Freedom isn't free. Throughout the course of our nation's history, men and women have given the ultimate sacrifice to represent the United States in times of war. The services they have provided are invaluable, and we are forever indebted to their efforts. One way to give back is to donate household items that we typically take for granted, such as deodorant and nail clippers. Here are a few of the hundreds of charities that support our troops overseas.
From now through August, the Give2TheTroops "family" is requesting items to donate to the troops to keep them cool in the hot desert sun. Anything from plastic water bottles and electrolyte tablets to sunglasses and popsicles can be sent. Financial donations also accepted.
Also visit: http://www.USO.org, http://www.treatanysoldier.com, http://www.treatsfortroops.com
If you are an expert seamstress or just a casual hobbyist, you can help the sewing team by knitting or crocheting blankets, scarves and helmet liners for the troops to comfort them at night. Soldiers Angels also sends drawings, handmade walking canes and even gourmet birthday cakes among other services.
Instead of giving away your used books, send them to troops overseas. During their downtime, soldiers have very limited means of entertaining themselves. Shipping books to these men and women is a great way to show your support.
Also visit: http://www.subsforsoldiers.com
Two teenagers, Robbie and Brittany Berquist, started this program with $21 of their own money. Since then, Cell Phones for Soldiers has raised almost $2 million and given more than 500,000 prepaid calling cards to soldiers serving overseas. The service also allows users to give calling cards to specific troops or units. Old phones are sent to ReCellular, an electronics sustainability firm, which pays for each donated phone. AT&T has pitched by opening all 1,800 of their company-owned wireless stores across the country as drop-off sites to recycle the used cell phones.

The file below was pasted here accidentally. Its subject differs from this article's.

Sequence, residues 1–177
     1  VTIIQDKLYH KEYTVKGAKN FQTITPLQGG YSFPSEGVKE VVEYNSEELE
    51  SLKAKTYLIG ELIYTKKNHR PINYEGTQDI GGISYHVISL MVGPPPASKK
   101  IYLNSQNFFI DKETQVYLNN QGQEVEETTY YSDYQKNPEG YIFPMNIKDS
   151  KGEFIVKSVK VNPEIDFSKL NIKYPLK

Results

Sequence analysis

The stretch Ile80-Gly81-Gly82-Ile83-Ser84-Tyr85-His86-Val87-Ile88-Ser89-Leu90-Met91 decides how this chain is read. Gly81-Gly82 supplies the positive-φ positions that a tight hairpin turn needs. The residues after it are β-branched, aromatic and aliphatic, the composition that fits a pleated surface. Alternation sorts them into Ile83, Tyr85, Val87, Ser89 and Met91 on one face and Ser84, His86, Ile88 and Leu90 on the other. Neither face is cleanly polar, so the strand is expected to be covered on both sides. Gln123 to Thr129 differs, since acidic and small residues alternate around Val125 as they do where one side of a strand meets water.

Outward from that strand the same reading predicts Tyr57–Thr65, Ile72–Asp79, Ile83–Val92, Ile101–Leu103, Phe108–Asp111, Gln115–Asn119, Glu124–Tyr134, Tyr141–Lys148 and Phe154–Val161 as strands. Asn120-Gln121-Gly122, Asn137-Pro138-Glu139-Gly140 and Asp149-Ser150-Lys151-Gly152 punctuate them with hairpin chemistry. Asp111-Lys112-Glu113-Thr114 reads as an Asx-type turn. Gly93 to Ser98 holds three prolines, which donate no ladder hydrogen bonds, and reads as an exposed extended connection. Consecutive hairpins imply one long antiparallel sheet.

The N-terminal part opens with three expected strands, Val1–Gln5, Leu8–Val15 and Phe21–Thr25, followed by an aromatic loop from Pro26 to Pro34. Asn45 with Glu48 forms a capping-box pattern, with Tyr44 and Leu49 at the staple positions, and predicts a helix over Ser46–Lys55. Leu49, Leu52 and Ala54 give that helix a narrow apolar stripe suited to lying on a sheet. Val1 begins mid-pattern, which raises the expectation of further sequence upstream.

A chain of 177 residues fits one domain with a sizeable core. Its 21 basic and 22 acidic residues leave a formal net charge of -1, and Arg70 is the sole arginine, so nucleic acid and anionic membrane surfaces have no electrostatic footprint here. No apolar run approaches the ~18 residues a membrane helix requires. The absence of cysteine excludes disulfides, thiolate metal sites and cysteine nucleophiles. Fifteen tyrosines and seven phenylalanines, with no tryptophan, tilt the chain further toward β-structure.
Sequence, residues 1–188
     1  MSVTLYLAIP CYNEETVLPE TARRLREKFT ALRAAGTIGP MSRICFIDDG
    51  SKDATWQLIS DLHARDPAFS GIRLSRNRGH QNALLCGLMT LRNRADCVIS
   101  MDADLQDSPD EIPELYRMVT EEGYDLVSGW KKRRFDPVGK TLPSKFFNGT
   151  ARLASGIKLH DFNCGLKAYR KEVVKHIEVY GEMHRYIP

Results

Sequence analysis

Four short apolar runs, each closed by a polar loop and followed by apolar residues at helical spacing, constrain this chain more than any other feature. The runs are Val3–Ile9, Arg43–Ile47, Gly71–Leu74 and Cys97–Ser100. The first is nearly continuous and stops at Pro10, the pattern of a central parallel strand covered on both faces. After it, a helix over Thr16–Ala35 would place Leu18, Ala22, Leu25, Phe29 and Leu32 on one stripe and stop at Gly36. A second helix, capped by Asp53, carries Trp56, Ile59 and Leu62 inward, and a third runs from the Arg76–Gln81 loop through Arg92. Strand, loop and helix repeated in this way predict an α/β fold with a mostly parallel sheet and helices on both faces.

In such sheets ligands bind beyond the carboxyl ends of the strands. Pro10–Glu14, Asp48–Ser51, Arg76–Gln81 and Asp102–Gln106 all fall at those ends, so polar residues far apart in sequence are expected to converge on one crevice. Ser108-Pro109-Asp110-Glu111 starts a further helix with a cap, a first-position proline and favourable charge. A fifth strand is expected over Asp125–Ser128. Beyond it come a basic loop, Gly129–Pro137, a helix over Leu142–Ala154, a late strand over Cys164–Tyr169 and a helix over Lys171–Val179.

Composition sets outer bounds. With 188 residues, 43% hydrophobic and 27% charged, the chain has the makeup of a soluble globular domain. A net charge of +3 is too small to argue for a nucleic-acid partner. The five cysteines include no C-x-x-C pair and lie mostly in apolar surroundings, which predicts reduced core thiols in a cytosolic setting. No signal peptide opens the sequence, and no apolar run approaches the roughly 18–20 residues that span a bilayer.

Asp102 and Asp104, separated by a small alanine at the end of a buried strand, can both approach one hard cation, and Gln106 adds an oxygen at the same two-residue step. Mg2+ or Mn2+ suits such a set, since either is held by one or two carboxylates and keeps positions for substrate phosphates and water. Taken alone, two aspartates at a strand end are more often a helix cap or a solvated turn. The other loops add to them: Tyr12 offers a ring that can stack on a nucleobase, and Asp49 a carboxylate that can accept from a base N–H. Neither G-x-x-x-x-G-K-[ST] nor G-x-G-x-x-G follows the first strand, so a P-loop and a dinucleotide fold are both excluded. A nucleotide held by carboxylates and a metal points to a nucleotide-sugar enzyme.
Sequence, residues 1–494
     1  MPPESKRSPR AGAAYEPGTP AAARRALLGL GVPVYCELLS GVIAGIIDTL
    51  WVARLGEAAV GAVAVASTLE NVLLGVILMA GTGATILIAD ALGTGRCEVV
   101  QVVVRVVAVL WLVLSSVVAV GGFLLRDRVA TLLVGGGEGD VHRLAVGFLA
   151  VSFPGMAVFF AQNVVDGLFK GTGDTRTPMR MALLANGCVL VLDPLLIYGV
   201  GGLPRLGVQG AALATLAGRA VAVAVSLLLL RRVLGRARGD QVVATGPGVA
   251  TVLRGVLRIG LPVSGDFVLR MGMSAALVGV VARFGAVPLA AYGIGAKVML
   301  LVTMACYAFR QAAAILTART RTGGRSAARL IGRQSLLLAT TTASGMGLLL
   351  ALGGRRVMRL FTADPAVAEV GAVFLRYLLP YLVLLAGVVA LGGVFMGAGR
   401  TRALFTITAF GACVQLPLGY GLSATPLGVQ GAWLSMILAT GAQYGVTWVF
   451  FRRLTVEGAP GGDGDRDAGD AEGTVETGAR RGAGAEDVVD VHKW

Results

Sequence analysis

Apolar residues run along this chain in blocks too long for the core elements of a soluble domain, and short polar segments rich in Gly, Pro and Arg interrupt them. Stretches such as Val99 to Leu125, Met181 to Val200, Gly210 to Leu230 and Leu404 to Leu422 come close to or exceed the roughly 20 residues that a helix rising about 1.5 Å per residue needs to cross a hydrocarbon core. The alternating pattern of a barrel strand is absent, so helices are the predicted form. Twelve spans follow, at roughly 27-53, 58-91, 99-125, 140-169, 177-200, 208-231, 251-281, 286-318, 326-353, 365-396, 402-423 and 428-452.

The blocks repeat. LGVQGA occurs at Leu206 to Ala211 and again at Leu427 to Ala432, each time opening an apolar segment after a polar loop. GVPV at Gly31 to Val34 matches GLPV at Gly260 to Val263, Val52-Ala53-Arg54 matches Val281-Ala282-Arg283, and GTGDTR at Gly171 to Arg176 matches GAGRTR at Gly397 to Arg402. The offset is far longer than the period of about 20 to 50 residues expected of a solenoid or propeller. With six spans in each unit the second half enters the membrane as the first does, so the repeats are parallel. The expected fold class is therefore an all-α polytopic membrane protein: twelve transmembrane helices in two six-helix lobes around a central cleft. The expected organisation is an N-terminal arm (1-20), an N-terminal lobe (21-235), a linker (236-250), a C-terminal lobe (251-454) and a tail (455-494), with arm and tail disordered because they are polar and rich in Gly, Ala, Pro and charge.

Anysoldier.com sends care packages to troops all over the world. The Web site also allows users to search for specific members of the armed forces. Know of a local soldier who you would like to support? Search for them on the site and then send whatever you'd like. The program started in 2003 when Marty and Sue Horn decided to assist their son, Sergeant Brian Horn, who was fighting in Iraq. Originally, the Web site was designed to support members of Horn's brigade. Since then, the site boasts of helping over 1.3 million troops serving overseas.
Yep, even cigars. Cigars for Soldiers also accepts monetary donations and other necessities, but their main focus is cigars. The group's Web site features a photo gallery of several U.S. troops posing with their new gifts. The site also holds online auctions where bidders can win cigar humidors autographed by notable cigar smokers such as Ted Nugent and Rush Limbaugh, and the proceeds go to the troops. After a long day of defending our freedom, help the soldiers kick back and relax with a stogie and a smile.
The program allows family members of injured troops to fly overseas to visit them for free. Soldiers can also return home for special emergencies, all thanks to generous donations. Congressman Dutch Ruppersberger of Maryland started the program after hearing complaints about how expensive it was for soldiers to see their families. Participating airlines include Delta Airlines, United Airlines and American Airlines. Donators can assist by giving their frequent-flyer miles to the program.
Also visit: http://www.miledonor.com
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